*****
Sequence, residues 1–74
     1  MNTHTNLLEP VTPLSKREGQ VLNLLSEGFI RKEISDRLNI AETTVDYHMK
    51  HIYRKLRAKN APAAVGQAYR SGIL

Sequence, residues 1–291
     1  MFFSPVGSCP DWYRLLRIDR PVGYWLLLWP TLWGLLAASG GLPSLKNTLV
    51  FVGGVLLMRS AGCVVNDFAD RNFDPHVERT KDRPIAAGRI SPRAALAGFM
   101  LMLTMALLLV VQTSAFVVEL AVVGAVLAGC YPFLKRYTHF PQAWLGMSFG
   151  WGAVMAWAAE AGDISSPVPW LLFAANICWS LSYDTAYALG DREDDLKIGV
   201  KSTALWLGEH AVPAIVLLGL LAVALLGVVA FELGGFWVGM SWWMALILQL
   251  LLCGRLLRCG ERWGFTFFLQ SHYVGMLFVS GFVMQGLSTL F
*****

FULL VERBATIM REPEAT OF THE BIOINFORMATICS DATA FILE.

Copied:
Sequence, residues 1–74
     1  MNTHTNLLEP VTPLSKREGQ VLNLLSEGFI RKEISDRLNI AETTVDYHMK
    51  HIYRKLRAKN APAAVGQAYR SGIL

Sequence, residues 1–291
     1  MFFSPVGSCP DWYRLLRIDR PVGYWLLLWP TLWGLLAASG GLPSLKNTLV
    51  FVGGVLLMRS AGCVVNDFAD RNFDPHVERT KDRPIAAGRI SPRAALAGFM
   101  LMLTMALLLV VQTSAFVVEL AVVGAVLAGC YPFLKRYTHF PQAWLGMSFG
   151  WGAVMAWAAE AGDISSPVPW LLFAANICWS LSYDTAYALG DREDDLKIGV
   201  KSTALWLGEH AVPAIVLLGL LAVALLGVVA FELGGFWVGM SWWMALILQL
   251  LLCGRLLRCG ERWGFTFFLQ SHYVGMLFVS GFVMQGLSTL F